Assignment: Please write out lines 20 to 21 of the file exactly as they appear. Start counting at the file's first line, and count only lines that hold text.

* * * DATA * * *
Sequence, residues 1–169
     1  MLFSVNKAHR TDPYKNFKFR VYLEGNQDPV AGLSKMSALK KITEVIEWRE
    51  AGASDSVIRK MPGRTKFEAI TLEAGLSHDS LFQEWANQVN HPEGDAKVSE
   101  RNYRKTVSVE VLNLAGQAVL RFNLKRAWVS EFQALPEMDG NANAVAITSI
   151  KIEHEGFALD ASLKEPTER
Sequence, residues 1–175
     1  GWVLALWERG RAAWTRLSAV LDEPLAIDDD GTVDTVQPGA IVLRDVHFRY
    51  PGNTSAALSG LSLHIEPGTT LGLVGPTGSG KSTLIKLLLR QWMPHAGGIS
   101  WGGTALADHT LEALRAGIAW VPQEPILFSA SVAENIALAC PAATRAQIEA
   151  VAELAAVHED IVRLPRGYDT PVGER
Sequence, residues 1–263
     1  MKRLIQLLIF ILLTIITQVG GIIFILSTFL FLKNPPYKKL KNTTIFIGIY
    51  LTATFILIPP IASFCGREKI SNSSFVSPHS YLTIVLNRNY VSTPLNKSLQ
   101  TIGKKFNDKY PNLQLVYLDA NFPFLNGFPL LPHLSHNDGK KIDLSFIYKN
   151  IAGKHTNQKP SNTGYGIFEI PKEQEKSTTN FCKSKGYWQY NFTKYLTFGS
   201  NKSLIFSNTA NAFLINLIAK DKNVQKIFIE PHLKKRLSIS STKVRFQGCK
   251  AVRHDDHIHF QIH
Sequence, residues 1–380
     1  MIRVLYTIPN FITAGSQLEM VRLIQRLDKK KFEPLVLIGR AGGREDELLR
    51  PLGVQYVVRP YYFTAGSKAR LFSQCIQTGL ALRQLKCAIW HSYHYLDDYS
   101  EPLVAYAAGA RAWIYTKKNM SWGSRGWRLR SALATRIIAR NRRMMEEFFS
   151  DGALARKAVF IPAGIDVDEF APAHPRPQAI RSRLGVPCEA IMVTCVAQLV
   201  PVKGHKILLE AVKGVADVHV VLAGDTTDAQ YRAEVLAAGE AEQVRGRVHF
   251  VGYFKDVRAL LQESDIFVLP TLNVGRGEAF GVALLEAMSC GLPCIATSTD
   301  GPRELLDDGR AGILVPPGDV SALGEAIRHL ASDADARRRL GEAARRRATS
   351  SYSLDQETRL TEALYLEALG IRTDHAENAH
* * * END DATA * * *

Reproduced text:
    51  PLGVQYVVRP YYFTAGSKAR LFSQCIQTGL ALRQLKCAIW HSYHYLDDYS
   101  EPLVAYAAGA RAWIYTKKNM SWGSRGWRLR SALATRIIAR NRRMMEEFFS